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Earning your trust

Mike Deam at Goldmine Bookkeeping posted earlier today on Why I now Xero and explains why he’s moving on from MYOB.

So my entire practice is based around one product which is going to be re-sold at some point and its long term direction is not clear.

Because MYOB has been the defacto accounting software standard in New Zealand and Australia, what MYOB does has a serious impact to our important small business sector. MYOB software was a great step forward for small businesses many years ago. But as the technology world has moved on we believe their lack of innovation is holding back productivity. That is a key reason we started Xero.

About a year ago I wrote a post entitled MYOB: End of an era. I wrote that post when MYOB was brought by a private equity firm and subsequently delisted from the Australian Stock Exchange. Of course there is self interest here, but regardless this was a significant event for small business computing.

Over the last year we’ve watched the predictable path as the private equity player substantially reduced MYOB headcount, exited non profitable businesses and increased fees. That makes their internal profit numbers better, so that the private equity player can onsell the business and make their profit. That is how private equity works – no surprises there.

There are hints that the business is getting ready for sale again. For example adding the new AccountRight brand name into its products. Possibly they’ll split the end customer products out from the accountants product. These are already two different business units and product ranges, so they’ll sell the business units individually and any potential integration may cease. Already small businesses and accountants have to pay for both sides. This separation is the opposite of our model where the client and accountant works on the same system and the accountant doesn’t need to pay us to work with their customers.Personally I’d speculate that Sage would be the only candidate to buy the dated client products. CCH is the obvious choice for the accountants side.

We’re now starting to see Accountants waking up to the fact that their major vendor is about to enter a massive transition phase again. For the last 10 years MYOB has been the gold standard. Accountants, Bookkeepers, Trainers, Consultants and small business owners have built businesses over their tools. This rapid transition is scary for them. Who can they trust?

What is playing out here is one of the reasons we wanted to list Xero as a public company. It provides the transparency we think customers and partners need to build their businesses alongside us. As the Xero ecosystem develops we feel a big responsibility to do the right thing by those that rely on us. We are far from perfect but we are working hard to earn that trust.

And while we all like money, we also feel a big responsibility to improve small business productivity – substantially. We believe connecting small businesses to advisors gives them a better chance to improve cashflow, get a loan for new plant, hire a new employee or begin exporting. That is good for the economy and better for schools and hospitals.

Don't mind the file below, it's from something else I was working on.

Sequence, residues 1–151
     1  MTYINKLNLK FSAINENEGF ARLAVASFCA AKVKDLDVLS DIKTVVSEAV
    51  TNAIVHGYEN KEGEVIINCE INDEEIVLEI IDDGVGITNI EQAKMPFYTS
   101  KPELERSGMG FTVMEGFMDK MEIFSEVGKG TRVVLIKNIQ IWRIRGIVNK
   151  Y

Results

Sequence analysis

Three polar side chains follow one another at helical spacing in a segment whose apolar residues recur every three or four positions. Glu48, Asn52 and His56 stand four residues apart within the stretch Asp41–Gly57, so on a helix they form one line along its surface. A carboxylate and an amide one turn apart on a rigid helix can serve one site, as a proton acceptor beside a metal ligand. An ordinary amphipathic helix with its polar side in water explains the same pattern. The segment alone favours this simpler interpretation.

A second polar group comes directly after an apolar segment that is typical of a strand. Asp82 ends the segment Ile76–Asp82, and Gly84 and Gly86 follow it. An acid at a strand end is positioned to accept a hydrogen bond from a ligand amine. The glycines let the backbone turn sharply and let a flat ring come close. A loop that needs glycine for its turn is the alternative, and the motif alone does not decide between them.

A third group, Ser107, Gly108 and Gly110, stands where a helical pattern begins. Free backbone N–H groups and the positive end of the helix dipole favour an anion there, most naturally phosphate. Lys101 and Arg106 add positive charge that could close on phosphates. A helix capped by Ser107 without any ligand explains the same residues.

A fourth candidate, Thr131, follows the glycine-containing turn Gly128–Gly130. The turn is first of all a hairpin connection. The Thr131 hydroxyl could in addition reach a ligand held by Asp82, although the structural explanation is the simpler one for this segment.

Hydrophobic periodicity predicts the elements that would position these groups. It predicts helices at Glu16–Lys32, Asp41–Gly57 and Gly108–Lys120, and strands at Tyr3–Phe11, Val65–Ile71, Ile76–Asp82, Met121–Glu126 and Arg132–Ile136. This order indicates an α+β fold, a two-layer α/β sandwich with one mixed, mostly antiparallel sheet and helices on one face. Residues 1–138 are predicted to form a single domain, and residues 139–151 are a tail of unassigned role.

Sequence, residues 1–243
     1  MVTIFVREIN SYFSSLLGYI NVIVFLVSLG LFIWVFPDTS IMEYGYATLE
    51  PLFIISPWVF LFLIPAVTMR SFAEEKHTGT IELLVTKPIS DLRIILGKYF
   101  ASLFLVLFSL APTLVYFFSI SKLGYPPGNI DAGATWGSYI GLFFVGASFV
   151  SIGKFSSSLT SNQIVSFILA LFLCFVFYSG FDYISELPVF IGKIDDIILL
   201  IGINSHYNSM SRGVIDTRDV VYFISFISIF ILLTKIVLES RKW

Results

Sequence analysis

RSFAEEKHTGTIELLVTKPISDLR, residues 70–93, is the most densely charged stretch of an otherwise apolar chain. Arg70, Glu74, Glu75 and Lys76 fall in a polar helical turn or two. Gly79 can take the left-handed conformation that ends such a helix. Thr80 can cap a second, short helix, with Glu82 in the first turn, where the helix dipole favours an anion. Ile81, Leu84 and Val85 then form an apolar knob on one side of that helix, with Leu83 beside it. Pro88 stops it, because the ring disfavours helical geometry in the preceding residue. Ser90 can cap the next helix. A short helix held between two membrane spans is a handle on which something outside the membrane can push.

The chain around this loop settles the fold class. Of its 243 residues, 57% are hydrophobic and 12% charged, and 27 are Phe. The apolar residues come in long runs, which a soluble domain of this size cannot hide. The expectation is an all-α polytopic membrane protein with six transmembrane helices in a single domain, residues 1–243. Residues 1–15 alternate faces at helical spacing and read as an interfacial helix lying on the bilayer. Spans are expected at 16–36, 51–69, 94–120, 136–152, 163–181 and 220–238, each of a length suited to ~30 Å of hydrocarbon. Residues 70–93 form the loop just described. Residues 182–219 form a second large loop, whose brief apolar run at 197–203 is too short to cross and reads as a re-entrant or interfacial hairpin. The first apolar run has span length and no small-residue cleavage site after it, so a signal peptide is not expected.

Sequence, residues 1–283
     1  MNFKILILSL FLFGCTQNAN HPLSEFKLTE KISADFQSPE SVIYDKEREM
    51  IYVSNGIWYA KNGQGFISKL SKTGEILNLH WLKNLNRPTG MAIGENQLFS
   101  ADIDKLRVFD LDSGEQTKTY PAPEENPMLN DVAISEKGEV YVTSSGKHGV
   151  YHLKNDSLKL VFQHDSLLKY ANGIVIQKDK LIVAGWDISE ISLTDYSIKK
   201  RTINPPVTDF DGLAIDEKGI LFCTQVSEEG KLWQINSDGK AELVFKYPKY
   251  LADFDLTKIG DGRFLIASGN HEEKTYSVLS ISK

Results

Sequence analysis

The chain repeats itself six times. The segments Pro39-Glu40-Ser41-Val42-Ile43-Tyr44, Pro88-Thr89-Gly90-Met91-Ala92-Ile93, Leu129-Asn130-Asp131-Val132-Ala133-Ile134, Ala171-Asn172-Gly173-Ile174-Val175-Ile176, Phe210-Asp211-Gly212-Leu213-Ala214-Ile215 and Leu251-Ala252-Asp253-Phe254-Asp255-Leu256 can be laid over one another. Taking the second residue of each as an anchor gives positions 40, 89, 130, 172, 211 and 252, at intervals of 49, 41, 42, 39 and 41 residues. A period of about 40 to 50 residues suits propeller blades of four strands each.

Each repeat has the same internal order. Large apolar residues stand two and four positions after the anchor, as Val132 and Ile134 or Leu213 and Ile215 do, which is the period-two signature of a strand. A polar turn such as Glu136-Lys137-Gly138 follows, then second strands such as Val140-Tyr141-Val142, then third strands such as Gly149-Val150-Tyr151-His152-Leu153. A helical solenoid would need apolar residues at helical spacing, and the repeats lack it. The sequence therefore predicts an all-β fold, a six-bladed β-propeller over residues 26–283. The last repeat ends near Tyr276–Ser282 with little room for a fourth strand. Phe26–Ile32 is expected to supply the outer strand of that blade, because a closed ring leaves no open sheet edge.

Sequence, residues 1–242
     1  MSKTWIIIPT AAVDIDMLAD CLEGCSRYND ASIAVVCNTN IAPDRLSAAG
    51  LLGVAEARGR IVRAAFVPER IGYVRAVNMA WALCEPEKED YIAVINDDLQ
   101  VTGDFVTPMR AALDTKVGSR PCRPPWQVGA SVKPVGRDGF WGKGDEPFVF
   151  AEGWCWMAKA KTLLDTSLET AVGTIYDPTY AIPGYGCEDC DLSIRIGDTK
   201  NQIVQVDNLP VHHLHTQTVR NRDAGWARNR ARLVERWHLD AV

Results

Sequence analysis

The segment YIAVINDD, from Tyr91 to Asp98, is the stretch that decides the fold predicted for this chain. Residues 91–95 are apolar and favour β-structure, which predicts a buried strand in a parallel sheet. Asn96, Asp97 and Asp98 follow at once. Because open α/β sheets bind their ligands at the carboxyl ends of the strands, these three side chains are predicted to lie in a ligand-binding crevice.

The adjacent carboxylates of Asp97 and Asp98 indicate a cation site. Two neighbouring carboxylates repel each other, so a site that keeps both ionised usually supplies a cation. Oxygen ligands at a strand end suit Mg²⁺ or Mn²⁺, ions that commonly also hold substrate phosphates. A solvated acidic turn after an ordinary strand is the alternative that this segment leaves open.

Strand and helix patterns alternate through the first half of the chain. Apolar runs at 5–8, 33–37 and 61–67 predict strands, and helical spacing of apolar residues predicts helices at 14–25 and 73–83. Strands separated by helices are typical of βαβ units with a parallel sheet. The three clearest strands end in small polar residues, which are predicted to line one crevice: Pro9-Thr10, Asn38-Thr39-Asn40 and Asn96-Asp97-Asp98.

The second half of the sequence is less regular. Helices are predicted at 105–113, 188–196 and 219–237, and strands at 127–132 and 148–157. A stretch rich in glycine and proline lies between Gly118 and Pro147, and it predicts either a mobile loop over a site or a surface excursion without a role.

That is why what we’re doing is important.

So rather that quietly stand by and watch as the MYOB technology is onsold again you can be sure we’ll be making it clear to small businesses and advisors who they can trust, and how seriously we take that responsibility.

 

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2 comments

Mark Mitchell
16 February 2010 #

I am an ex MYOB employee as a result of the private equity firm take over. I had been through a redundancy before when another publicly listed software company I worked for in 2000/2001 was taken over by another company (not a private equity firm in that case). I don’t agree that Xero needs to be publicly listed. The transparency / trust explanation is a reasonable marketing strategy to accelerate market share but going public stifles responsiveness and changes the business focus. Publicly listed company’s management have a overriding pressure put on all decisions – that decisions affect on share price. Privately held companies can be transparent and can communicate with all of their stakeholders if they choose to. In my view moving through the IPO process is the first step in the larger process that may lead to private equity company take over. Run the company well – communicate the what, why and how with everyone who wants to listen – but don’t go public.

Rod Drury
16 February 2010 #

@Mark, thanks for your comment. I hope we can prove to be a new type of public company that while being transparent, can also innovate and deliver a fantastic customer experience. We believe that will drive the most value to shareholders.

We deliberately avoided the Venture Capital intermediate step of funding so we can run the business for the long term, not drive to an early acquisition.

We believe this was an important (if not essential) part of our strategy to become a globally significant provider over time.

Cheers

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